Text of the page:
Hidden Ocean 2016: Chukchi Borderlands

Expedition Purpose

Why Are Scientists Exploring the Chukchi Borderlands?

Bathymetry of Chukchi Borderlands with tentative stations positions.

Bathymetry of Chukchi Borderlands with tentative stations positions. Image courtesy of M. Edwards, University of Hawaii. Download image (191 KB).

The Chukchi Borderlands (CBL) region is located to the north of Alaska, with water depths ranging from the shallow shelf edge to 3,000 meters. Here there is a dynamic mixing of waters from the Arctic, Pacific, and Atlantic, moving over a complex array of canyons, ridges, trenches and creating complicated currents and sea ice drifts.

The sea ice, pelagic (water column), and benthic (ocean bottom) communities of this region are tightly linked physically, chemically, and biologically, yet these interactions are poorly understood.

This mission is a multifaceted, multidisciplinary exploration to better understand the interdependence of these three marine communities (and more), in the wake of rapid environmental change.

Climate change has been most noticeable in the Arctic region, with this area experiencing some of the most dramatic summer sea ice melt in the last few decades. Predictions of an ice-free Arctic by the summer of 2030 make the documentation of current species composition, community structures, and habitat interactions of the Arctic organisms an urgent challenge, particularly in the least explored regions, such as the CBL.


What Will Explorers Be Looking For?

From July 2 to August 10, 2016, explorers will use a combination of photographic mapping, physical sampling, and state-of-the-art metagenomics to assess the diversity of this region to better understand the sea ice, pelagic, and benthic realms and how they influence one another.

Sea Ice Realm
The sea ice component of this expedition will explore genetic diversity by integrating data collected from the unique physical and chemical environmental settings of sea ice brine channels (small channels of liquid sea ice brine meandering throughout the frozen sea ice).

The science team expects to discover new taxonomic diversity in prokaryotic, eukaryotic, and viral communities of Arctic sea ice by sequencing of DNA barcoding regions; identify patterns and infer community dynamics among bacteria, archaea, viruses, eukaryotic protists, and meiofauna; and predict functional relationships among microbes.

Microbes and meiofauna associated with sea ice are often similar to those found in sediment.

Microbes and meiofauna associated with sea ice are often similar to those found in sediment. Image courtesy of K. Dilliplaine. Download image (86 KB).

Pelagic realm
The pelagic component of this expedition will provide species inventories of pelagic organisms (zooplankton and nekton), including poorly known deepwater and gelatinous zooplankton; relate the distribution of organisms to the water masses encountered in this region; and produce still and video imagery of living organisms to publish and share exciting new findings.


Benthic realm
The benthic component of this expedition will focus on exploration of benthic invertebrate and fish communities with links to top trophic level marine mammals. This work will include gathering inventory of benthic invertebrates and fishes inside and outside several unique “pockmark” locations with special focus on communities that might indicate seep activity.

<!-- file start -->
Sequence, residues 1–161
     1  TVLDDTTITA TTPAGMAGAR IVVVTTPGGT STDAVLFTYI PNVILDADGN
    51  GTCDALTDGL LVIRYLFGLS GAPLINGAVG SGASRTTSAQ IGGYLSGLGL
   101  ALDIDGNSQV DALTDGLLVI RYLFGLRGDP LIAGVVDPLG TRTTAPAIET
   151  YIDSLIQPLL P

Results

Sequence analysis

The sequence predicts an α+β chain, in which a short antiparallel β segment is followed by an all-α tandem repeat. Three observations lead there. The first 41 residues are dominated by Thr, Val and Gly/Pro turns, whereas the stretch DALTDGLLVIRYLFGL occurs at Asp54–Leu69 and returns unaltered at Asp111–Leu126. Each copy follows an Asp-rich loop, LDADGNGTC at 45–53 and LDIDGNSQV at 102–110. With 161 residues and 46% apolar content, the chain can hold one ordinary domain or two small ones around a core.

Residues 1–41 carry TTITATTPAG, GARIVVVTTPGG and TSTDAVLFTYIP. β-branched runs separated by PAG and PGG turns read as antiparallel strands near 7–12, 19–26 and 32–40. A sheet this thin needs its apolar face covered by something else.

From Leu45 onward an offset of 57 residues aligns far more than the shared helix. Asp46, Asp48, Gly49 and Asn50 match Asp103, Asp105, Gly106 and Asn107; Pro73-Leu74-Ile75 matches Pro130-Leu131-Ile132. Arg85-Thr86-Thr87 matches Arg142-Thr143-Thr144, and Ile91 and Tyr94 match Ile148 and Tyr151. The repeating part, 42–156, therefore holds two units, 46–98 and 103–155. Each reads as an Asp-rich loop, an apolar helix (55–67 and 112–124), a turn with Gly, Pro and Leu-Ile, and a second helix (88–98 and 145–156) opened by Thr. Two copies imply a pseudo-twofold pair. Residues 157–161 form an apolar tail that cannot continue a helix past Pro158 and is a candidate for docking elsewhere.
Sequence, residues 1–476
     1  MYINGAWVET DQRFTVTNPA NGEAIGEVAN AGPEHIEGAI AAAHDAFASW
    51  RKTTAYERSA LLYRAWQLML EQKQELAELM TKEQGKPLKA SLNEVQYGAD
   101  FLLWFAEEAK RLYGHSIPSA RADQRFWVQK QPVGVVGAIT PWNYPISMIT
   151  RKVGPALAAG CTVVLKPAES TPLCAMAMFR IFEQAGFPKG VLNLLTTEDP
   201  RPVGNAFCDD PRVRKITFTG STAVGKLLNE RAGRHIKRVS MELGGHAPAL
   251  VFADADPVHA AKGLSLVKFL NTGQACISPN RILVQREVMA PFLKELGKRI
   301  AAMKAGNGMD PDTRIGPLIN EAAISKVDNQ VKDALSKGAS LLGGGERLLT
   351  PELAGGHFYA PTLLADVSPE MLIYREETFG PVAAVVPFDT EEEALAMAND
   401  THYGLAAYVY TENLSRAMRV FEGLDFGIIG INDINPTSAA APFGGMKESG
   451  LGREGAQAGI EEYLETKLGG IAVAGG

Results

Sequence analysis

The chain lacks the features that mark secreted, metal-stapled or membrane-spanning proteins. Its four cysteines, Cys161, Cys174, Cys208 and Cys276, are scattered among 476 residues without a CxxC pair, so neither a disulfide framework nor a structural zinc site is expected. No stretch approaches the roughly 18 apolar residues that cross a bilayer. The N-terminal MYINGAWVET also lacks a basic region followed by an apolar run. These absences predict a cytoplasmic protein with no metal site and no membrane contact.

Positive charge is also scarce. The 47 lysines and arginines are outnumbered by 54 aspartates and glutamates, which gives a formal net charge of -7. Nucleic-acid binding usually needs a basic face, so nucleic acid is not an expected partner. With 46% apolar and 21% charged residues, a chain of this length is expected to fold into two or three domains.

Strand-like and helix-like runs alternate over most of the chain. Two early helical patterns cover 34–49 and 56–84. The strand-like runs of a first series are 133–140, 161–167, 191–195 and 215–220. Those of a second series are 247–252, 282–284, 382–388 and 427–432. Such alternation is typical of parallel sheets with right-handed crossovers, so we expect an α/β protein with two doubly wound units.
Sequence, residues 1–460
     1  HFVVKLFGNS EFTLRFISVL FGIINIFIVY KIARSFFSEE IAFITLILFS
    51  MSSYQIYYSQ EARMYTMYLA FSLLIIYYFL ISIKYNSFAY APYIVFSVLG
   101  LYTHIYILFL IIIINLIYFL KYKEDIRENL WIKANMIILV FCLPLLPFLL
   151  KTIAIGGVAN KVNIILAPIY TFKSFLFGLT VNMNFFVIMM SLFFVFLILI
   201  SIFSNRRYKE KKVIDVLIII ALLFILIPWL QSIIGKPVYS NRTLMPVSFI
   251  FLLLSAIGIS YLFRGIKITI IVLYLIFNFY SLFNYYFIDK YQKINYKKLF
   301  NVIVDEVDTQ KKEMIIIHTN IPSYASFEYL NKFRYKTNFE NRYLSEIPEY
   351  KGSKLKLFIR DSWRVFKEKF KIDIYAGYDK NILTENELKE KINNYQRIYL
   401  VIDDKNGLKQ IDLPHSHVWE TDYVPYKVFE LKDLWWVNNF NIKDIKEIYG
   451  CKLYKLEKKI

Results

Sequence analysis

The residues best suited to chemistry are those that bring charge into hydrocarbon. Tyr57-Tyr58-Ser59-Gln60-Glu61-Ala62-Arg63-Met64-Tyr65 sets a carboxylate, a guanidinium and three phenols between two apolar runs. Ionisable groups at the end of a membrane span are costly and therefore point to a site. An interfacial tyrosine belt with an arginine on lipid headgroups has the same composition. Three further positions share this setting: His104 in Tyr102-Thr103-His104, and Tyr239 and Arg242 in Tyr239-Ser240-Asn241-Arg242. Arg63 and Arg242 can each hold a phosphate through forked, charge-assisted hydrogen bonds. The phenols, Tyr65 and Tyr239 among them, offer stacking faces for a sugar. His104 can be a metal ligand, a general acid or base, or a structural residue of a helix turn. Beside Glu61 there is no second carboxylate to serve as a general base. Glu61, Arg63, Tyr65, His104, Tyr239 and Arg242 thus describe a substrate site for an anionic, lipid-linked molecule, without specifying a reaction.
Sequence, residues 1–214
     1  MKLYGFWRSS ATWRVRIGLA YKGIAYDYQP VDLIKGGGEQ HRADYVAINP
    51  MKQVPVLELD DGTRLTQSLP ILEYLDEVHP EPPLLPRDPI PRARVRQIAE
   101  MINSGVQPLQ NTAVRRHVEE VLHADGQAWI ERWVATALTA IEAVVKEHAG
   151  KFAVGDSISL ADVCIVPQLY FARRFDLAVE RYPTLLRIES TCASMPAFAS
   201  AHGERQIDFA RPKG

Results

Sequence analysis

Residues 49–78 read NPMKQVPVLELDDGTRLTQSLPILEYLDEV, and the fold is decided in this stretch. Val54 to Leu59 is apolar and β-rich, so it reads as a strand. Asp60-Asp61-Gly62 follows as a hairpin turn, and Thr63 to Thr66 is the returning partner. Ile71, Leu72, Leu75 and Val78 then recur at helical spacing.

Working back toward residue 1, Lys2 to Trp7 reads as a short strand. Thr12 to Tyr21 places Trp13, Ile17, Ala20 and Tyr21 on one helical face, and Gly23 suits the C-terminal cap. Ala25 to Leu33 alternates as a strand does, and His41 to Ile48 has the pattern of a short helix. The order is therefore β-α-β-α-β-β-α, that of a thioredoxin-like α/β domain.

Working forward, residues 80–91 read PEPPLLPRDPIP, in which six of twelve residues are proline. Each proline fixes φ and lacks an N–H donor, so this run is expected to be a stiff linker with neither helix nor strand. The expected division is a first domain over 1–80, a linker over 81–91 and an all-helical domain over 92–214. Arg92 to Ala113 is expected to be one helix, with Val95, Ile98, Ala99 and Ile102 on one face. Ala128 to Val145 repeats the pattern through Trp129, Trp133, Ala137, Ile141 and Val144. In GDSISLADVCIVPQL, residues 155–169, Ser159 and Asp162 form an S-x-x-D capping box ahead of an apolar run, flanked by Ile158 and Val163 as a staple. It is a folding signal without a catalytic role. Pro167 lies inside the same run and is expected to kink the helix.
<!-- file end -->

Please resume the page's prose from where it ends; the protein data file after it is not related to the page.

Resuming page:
Some of the Chukchi Plateau’s most intriguing bottom features are mysterious pockmark-like fields that were presumably formed ~65,000 years ago (Astakhov et al., 2014). In general, pockmarks are seabed craters of <1 to >100 meters in diameter, usually formed through seepage of gases (methane or carbon dioxide), pore fluids in soft-sediment areas (Hovland & Judd, 1988; Vogt et al., 1994), and/or destabilizing gas hydrates (Wood et al., 2002).

Investigation of one potential old pockmark during the Hidden Ocean Arctic 2005 expedition revealed no evidence for chemosynthetic communities, but showed it to be a hotspot of biological activity with great potential for further new discoveries (MacDonald et al., 2010).

Crossota sp., a deep red medusa found just off the bottom of the deep sea.

Crossota sp., a deep red medusa found just off the bottom of the deep sea. Image courtesy of Kevin Raskoff, California State University. Download image (60 KB).


Exploration Technologies

Exploration and sampling tools for this expedition will include:

  • Remotely operated vehicle (ROV) Global Explorer
    This ROV is equipped with a high-definition camera system to gather still and video imagery of organisms in their natural environment and has e a manipulator arm and collection box for careful collection of biological samples.
  • Conductivity, Temperature and Depth Profiler (CTD)
    A CTD will be used to collect environmental data and seawater samples for microbe analysis. The CTD will be equipped with an underwater vision profiler to image water each second in order to assess planktonic particles.
  • Organism samplers, corers, and DNA extraction kits will also be used.
ROV Global Explorer.

ROV Global Explorer. Image courtesy of Deep Sea Systems International, Inc. Download image (jpg, 83 KB).

A scientist extracts water from one of the sample bottles in the CTD rosette.

A scientist extracts water from one of the sample bottles in the CTD rosette. Image courtesy of the NOAA Office of Ocean Exploration and Research. Download image (jpg, 68 KB).

This expedition provides unique opportunities to better understand the intricate relationship between the sea ice, water column, and ocean floor communities of this fragile, unknown ecosystem. This work will contribute to improving “baseline observations and understanding of Arctic climate and ecosystems to reduce the uncertainty in assessing and predicting impacts caused by a changing Arctic” (NOAA Arctic Vision and Strategy Plan 2011).